As a keen member of a Boy Scouts troop, Donny O’Rourke found an early outlet for his talents as a writer and composer. Here he reflects on what the movement meant to him.
When I simply consumed books with no aspiration to write one, every novel was a plus. It existed only to give me joy and if it failed there were plenty others.
In an increasingly homogenised and uniform world rare and distinctive voices are especially needful. Sometimes those voices may be complex, difficult, troubling, but who wants to read a bland book?
Would I be guilty of destroying the serious intent underneath the humour, with this 'coffin' stunt? Would I be guilty of stripping my protagonist of his dignity?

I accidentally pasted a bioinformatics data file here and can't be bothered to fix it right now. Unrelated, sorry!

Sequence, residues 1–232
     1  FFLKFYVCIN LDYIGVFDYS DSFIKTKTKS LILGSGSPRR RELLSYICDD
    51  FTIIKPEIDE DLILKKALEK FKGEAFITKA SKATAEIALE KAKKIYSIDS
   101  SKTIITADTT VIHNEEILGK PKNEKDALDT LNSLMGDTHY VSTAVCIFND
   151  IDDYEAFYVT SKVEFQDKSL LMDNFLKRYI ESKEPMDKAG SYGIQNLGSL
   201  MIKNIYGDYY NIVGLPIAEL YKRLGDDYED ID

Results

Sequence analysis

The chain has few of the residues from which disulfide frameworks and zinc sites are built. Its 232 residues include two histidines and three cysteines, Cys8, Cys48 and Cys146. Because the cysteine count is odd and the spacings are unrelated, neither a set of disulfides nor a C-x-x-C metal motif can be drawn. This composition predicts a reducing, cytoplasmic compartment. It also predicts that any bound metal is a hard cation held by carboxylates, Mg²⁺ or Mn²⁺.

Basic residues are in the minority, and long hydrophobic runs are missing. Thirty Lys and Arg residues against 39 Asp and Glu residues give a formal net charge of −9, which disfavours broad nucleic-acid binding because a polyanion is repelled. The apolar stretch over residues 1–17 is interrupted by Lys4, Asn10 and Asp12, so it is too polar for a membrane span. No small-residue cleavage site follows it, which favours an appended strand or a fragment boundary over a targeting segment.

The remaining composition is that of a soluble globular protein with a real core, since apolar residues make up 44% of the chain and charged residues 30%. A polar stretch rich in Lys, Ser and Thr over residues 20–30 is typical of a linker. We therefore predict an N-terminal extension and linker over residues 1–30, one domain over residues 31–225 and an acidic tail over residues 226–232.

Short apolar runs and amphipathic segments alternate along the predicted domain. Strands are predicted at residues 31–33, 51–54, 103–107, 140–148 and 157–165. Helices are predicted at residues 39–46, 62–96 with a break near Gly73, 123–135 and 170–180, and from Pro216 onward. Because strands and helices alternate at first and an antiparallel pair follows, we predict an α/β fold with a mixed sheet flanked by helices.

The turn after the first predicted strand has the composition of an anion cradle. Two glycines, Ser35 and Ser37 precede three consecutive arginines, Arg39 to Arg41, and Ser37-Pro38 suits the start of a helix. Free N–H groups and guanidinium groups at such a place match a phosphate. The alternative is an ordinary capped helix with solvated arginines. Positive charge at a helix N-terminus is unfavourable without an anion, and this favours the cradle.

How fantastic it would be for the writer to be granted an impossible insider's view; to hitch a ride on the tailcoat of her words and hear her reader's synapses crackle.
Mark McCrum speaks with James McConnachie about his long term background efforts in fiction, his experiences with self-publishing and how to do it properly, finding success in genre fiction and his openness to whatever comes next.
Trying to please is like trying to paint your raft a colour that someone on shore you haven't met yet might like; it's your raft, and you don't know when you'll get to that shore or who you'll meet.
Over his long career as an art critic, Brian McAvera has compiled a collection of catalogues of Irish art exhibitions, offering a unique overview of twentieth and twenty-first century literary, artistic, and political life.